Just a few words to ruin a loving relationship
The true tale of the yellow rocks of Andru Johanna

Kiap, MP, planter & private eye, John Stuntz, dies at 87

John Stuntz with two Langimar leaders circa 1950ALLYN HICKS | Sydney Morning Herald

IN 1949 the Department of Territories, Canberra, posted a recruitment notice headlined "Papua New Guinea: careers with a challenge."

The advertisement called for "young men possessing initiative, imagination and courage, positions in PNG, one being that of Cadet Patrol Officer (CPO)."

To qualify, an applicant had to be male, between 18 and 24 years old, single and a British subject. The advertisement promised the CPOs "adventure, autonomy and an opportunity to make a difference".

This was not an understatement by the Department, and CPOs, most of them barely out of their teens, held many responsibilities.

At any time they could be ambassador, judge, policeman, medical officer, administrator, explorer, farmer, carpenter, engineer and anthropologist, often in challenging and dangerous territory. The contribution these young men made towards PNG's development as a modern nation was profound.

John Stuntz (1928-2015) was one who successfully applied and for the next 30 years he lived in PNG. Apart from his role as a patrol officer (kiap), his contribution to his adopted country extended into sport, politics and public service.

John Ronald Stuntz was a Manly boy, through and through. He was born in 1928, son of Robert and Elsie Stuntz, and as a youth excelled in sports. He was a champion beach sprinter, rowed in the Freshwater surfboat crew and boxed.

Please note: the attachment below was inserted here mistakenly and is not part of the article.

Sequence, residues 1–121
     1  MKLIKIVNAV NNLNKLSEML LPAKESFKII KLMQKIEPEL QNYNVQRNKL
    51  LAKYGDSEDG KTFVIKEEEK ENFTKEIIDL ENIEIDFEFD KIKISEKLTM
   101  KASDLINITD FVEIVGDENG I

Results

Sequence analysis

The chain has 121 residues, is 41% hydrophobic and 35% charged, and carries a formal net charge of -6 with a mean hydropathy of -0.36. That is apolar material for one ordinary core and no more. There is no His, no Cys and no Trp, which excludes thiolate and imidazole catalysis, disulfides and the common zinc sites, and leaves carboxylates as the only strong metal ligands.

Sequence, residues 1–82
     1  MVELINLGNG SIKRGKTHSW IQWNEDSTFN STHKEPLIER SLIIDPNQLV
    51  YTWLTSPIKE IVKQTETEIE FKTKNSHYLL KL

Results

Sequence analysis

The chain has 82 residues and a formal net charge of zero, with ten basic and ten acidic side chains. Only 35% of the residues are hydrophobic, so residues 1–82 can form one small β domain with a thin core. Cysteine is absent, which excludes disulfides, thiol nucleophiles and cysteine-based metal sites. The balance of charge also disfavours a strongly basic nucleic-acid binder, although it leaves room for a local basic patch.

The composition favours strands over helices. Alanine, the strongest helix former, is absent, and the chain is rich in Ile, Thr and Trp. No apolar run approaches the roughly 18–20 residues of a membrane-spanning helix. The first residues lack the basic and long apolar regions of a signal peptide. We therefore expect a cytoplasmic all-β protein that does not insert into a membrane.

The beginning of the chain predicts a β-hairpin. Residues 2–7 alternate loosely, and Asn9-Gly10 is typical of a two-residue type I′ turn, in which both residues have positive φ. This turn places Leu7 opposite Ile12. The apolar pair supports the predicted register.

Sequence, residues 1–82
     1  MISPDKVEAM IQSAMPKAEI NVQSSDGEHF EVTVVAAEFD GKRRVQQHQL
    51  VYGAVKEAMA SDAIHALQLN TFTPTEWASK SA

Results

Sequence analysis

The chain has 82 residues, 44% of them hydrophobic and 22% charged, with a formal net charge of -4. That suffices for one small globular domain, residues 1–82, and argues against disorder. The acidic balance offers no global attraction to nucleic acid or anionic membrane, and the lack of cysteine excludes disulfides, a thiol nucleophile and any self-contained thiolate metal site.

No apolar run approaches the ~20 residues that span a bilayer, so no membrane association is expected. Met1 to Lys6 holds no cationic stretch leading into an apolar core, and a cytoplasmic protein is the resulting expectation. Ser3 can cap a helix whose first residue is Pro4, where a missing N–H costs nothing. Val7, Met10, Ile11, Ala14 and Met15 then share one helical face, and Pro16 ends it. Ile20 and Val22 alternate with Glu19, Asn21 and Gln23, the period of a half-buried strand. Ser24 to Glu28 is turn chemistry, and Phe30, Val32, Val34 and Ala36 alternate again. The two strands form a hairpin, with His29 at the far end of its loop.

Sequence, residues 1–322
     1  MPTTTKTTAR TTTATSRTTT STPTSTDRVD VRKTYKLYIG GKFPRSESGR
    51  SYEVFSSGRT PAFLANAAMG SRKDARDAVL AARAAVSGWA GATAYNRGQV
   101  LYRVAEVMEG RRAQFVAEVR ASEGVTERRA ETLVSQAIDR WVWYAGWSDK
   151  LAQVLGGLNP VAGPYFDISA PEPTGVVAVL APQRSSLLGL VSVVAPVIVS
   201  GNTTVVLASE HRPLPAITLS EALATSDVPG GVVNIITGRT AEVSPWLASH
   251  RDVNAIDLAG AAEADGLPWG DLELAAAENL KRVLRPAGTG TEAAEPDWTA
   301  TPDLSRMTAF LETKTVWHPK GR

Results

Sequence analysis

However it was in rugby league that he excelled and just before his departure for PNG he played in two trials for Manly's first grade team. One of his closest friends, the champion Manly and Australian prop Roy Bull, once commented that Stuntz was destined to play A Grade and probably would have gone onto even higher honours.

Stuntz certainly had rugby league genes. His uncle, Johnno Stuntz (after whom John was named), played for Australia but was killed at Bullecourt in May 1917. Young John's father played for Eastern Suburbs, and his brother, Bob, played A Grade for Newtown.

Twice young John tried to enlist in World War II but was rejected as being under age, despite having altered his birth certificate date from 1928 to 1926. In the end, he was too late for the war and after a short stint as a pharmacist (which he hated), he applied for a CPO position.

His great mate, Ken "Arko" Arthurson, also applied at the same time but was rejected. Stuntz later commented how different Arthurson's life would have been had he been successful. Fortunately, for Manly Sea Eagles and Australian Rugby League in general, this was not the case.

Those men accepted as CPOs did four months intensive training at the Australian School of Pacific Administration (ASOPA), the 50% who passed the course were flown to Port Moresby and travelled on from there. Stuntz's first posting was to the Wau area in Morobe province.

After several short patrols he was given the task of re-opening Otibanda Patrol Post in so-called "uncontrolled territory". He had just turned 21.

Otibanda was located in the Upper Watut​ Valley and was home to the notorious Kukukukus. He was warned by his superior, Assistant District Officer (ADO) Bill Searle, that these people were notoriously treacherous and stressed that it was imperative that Stuntz and his police contingent were always to be armed.

Stuntz's role was to re–establish the post and to "expand the influence of the patrol post as circumstances permitted". To this end he patrolled further up the Watut river, where he learned that a group of "Kukukuku renegades" was pillaging villages in the area.

He was also told of talk that Kukukukus from the Langimar River area had warned that if he visited their territory they would chop off his hands and feet, disembowel him, stuff him with grass and hang him up as a warning to others not to encroach on their territory. When he told his boss, Searle roared with laughter and said, "The little bastards will probably do that if they catch you."